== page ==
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01-30-2013 04:11 PM
This is a hypothetical question, but one that I have wondered about ever since I went through the process of purchasing my home. Now when I consider the idea of selling, I wonder if this could turn around to hit me from the other side.
When you make an offer to purchase in MA there is usually the clause that you have some number of days inspection period to have the home inspected.
My question is whether a professional, licensed, inspection MUST occur during that time, or not, in order for the buyer's side of the obligation to be fulfilled to the point that they can say "no thanks"?
Real Example: I put an offer in on a home, later that day torrential rains started in the area--we received something like 2" of rain in a day, and the area was already saturated... I went to drive by the home the next night and found that several of the roads leading to it were flooded out--a river about 1/5th of a mile away had crested its banks... I was able to route around the flooding (and through some of it) to get to the neighborhood. It was dark out, but I could see the yard was not flooded... however I did see the sump pump discharge hose leading to the street running full-time... I watched for about 5 mins and it never stopped... I proceeded down the street and--whoops!--had to stop because 3 houses down the road was flooded and those houses/yards were underwater. The house I was interested in had a yard that was only about 1-2 vertical feet higher, but that had been enough to spare it.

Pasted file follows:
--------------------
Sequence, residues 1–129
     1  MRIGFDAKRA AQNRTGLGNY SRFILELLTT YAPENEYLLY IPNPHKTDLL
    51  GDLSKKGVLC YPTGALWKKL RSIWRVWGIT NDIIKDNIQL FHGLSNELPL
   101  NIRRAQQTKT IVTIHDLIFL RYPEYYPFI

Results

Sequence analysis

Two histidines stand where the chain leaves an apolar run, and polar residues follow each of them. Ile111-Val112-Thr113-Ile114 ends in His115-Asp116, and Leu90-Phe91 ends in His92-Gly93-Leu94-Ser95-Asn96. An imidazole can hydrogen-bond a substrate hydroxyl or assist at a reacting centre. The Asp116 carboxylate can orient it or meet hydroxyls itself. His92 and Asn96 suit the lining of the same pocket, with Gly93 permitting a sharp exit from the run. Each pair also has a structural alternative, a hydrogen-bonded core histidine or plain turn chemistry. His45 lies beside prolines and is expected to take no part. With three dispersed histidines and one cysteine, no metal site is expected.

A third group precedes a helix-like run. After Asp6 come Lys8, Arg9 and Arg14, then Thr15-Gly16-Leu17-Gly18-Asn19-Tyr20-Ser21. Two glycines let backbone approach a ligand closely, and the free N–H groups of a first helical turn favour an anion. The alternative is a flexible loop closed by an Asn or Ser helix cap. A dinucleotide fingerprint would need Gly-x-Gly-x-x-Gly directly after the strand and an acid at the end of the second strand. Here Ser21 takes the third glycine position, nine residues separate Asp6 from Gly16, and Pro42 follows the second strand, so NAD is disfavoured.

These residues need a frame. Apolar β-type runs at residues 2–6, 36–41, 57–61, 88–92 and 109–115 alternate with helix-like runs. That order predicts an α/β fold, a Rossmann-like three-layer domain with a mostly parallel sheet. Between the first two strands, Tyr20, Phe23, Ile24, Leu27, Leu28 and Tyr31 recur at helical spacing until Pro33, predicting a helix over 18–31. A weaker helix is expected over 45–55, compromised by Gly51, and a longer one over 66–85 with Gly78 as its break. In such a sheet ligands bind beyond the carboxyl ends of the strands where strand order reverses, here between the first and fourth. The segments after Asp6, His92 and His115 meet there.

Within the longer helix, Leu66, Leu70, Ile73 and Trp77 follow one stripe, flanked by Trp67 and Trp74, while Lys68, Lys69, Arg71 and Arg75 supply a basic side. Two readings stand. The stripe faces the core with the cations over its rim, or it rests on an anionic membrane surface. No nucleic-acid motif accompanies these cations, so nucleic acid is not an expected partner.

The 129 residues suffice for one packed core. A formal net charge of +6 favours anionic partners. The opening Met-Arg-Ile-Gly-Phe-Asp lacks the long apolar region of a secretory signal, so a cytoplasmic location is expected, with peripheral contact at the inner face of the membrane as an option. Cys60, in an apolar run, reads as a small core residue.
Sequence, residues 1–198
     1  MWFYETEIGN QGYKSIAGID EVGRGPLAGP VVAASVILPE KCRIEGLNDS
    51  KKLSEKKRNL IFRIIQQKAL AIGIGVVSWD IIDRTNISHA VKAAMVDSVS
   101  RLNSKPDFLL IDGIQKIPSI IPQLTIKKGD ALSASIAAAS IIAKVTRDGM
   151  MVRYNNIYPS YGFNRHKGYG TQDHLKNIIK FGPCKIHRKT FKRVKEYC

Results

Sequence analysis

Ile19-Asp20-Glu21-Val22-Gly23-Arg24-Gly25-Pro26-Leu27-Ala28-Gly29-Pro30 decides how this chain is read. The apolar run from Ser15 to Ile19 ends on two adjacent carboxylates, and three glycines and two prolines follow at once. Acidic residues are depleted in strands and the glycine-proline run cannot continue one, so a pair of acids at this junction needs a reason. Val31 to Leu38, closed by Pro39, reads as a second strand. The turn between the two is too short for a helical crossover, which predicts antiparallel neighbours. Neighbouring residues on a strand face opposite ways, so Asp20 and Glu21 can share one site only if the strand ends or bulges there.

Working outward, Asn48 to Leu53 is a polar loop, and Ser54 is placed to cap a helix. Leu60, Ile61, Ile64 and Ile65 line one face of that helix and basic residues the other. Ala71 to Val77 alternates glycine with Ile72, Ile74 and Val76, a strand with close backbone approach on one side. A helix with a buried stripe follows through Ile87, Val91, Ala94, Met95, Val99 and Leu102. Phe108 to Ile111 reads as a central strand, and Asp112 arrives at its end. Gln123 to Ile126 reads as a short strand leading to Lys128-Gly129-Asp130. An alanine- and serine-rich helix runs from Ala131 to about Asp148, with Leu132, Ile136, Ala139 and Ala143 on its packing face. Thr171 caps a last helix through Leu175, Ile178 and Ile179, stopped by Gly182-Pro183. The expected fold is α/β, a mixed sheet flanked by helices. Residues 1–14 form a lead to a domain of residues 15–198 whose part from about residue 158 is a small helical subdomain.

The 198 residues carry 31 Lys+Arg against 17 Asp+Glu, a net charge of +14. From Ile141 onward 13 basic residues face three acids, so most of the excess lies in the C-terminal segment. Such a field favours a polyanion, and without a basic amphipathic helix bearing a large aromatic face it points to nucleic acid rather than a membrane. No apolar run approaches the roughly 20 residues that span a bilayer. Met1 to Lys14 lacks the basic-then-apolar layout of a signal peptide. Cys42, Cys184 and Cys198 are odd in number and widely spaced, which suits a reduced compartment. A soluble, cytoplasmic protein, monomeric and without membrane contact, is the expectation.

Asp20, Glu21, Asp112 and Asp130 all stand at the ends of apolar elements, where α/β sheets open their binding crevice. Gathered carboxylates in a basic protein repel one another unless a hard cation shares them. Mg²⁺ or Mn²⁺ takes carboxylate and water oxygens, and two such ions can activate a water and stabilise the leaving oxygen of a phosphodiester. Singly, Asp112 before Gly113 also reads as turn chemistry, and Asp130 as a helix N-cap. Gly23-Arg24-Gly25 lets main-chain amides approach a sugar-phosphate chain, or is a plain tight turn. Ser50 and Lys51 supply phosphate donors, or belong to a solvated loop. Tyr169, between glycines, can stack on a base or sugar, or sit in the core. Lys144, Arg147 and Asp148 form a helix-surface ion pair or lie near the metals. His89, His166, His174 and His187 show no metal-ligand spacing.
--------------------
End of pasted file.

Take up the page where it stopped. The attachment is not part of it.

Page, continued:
I felt obligated the continue with the $500 inspection scheduled for a couple of days later even though that night I had made my mind that I did not want to live in an area that this could happen.
Could I have "bailed" out on the house without having the inspection?
One of the reasons I felt obligated was because at the time I was not using Redfin (mistake) and my buyer agent was trying very hard to convince me that this was a "100 year storm" and that I should not back out without performing the inspection...
Now, as a potential seller, I wonder if the inspection period can be a tool used by aggressive buyers and buyer agents to lock other buyers out of a property while they continue to view other properties or work out other considerations unrelated to actually inspecting the condition of the house...
01-31-2013 08:35 PM
Well, I've only gone through the house-buying experience once, but until someone more knowledgeable shows up here's my two cents:
(1) The inspection clause is something that Is put into the contract by the buyer, not the seller. The buyer couldn't care less how you perform your inspection, whether it's a mere walk-around by buyer, or a thorough inspection by a professional inspector, or by a dozen inspectors, or no inspection at all. The seller is giving you, the buyer, the time YOU asked for to inspect the house, and how you do that is pretty much left up to you and is not his concern. In your case, your drive-by gave you all the information you needed to reach a decision, and you could have saved yourself the time and money by just bailing out then and there.